Break-in led chef to drink and drive

By Don Farmer of the Wairarapa Times

Photo / File.
Photo / File.

A chef and restaurant owner who responded to a burglary at his business after drinking at home has been convicted of drink-driving.

Suresh Chandra, 33, of Masterton made a snap decision to respond to an alarm activated at his restaurant when he had been drinking, Masterton District Court was told this week.

Chandra was convicted and fined $400 and ordered to pay court costs of $132.89, plus analyst fees and medical expenses of $271, but escaped disqualification of his licence.

Prosecutor Sergeant Jodie Lawrence said Chandra was driving in Chapel St just after 2am on July 14 when he was stopped by police.

He showed signs of having been drinking and an evidential blood test showed his blood alcohol level as being 112mg of alcohol per 100ml of blood. The legal limit is 80mg.

Chandra pleaded guilty. His solicitor Frank Minehan said Chandra had been at home when his alarm activated, indicating his business premises was being broken into. He was the only licensed driver in the house and made a snap decision to respond.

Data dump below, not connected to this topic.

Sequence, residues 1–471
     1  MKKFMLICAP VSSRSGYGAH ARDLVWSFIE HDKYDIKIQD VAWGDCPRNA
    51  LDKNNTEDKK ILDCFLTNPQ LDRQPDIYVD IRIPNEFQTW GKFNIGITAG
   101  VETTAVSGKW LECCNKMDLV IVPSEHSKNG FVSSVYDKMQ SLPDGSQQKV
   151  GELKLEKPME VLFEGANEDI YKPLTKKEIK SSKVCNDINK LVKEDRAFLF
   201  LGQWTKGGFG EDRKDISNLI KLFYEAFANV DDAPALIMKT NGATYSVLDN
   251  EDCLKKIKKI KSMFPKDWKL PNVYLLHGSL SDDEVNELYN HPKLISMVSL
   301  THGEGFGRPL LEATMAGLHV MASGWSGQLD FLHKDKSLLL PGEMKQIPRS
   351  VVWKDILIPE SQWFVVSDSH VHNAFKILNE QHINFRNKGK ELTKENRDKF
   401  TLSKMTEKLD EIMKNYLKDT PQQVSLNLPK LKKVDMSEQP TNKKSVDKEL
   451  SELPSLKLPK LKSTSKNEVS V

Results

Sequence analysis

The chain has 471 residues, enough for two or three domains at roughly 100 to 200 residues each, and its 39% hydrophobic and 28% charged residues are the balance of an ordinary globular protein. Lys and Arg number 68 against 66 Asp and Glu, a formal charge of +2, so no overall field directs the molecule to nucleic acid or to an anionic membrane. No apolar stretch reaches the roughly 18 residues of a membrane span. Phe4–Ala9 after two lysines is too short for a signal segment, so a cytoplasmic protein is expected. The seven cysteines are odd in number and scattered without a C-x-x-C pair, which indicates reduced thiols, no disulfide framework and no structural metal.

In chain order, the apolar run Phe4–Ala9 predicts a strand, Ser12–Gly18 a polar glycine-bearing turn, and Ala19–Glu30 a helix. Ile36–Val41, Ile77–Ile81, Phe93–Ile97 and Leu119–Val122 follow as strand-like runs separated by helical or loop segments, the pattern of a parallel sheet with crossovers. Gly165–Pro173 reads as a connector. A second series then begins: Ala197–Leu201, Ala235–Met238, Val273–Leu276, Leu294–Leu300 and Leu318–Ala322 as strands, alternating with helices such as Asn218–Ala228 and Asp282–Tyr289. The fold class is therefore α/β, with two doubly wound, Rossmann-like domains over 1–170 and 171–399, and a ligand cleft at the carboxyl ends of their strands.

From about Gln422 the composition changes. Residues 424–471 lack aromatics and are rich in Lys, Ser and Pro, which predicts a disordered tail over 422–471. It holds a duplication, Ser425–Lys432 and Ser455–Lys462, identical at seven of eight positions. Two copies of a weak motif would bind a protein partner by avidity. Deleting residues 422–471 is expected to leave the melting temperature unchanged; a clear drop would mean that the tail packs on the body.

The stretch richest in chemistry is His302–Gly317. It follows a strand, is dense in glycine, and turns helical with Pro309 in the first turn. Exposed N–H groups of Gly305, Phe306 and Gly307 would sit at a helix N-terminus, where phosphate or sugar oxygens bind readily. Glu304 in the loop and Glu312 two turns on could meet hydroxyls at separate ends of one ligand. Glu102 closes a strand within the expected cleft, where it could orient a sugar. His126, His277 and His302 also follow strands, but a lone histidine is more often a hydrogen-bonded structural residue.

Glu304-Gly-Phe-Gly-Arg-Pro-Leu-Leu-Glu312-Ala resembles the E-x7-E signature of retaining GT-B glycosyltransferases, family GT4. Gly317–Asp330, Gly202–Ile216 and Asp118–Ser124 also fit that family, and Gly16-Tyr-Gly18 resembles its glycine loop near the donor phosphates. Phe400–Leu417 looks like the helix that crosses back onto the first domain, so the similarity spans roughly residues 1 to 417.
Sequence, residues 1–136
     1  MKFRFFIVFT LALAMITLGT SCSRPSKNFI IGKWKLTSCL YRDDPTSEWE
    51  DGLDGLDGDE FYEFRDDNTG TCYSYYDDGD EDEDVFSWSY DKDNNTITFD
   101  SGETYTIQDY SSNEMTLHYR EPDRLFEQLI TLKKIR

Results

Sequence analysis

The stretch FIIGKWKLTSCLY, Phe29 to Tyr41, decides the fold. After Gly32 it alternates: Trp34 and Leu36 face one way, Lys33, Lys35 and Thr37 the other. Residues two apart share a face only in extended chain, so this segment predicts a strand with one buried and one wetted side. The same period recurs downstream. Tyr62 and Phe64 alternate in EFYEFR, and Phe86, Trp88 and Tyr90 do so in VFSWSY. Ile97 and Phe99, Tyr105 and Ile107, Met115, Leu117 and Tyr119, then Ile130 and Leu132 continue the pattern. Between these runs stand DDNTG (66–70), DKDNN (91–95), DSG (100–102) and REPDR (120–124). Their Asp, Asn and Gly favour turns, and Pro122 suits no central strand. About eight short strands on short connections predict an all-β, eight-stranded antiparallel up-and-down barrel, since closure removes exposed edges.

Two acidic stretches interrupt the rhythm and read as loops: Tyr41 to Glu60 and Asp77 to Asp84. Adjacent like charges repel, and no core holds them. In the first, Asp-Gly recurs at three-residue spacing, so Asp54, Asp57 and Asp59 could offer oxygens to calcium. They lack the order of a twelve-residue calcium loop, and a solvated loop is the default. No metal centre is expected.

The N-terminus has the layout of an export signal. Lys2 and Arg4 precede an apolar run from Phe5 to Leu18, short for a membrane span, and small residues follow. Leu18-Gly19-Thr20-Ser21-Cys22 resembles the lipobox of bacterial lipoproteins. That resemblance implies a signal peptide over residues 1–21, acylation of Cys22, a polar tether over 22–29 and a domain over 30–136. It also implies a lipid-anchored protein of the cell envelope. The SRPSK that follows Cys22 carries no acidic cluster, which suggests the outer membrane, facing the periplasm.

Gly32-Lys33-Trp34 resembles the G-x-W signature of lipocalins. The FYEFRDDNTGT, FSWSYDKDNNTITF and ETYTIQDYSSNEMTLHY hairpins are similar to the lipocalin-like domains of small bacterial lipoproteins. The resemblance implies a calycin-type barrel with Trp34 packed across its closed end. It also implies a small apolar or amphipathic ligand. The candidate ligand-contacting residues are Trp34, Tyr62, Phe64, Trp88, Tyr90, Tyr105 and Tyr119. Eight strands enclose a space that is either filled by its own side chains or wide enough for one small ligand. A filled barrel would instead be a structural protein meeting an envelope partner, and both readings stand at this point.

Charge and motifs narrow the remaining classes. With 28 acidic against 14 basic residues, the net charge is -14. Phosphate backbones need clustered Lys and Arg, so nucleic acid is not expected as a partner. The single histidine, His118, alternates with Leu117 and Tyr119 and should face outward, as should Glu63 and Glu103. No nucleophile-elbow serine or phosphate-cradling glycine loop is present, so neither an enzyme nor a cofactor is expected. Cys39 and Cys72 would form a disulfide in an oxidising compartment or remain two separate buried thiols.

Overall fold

Mr Minehan submitted the circumstances warranted a special reason which by law allows a judge to not impose a licence disqualification and Judge Tom Broadmore agreed.

The judge said had it not been for the alarm and concern for his business, Chandra would not have been driving.

Judge Broadmore said Chandra should have chosen to alert police and stay at home but his instant decision had been to act as he had.

While he accepted the special reason submission, Judge Broadmore said he was "troubled" by the high blood alcohol level. He suggested to Chandra that he abate his drinking.

On the weekend in question, police reported an Indian restaurant in Kuripuni, Curry Twist, was broken into and alcohol stolen.

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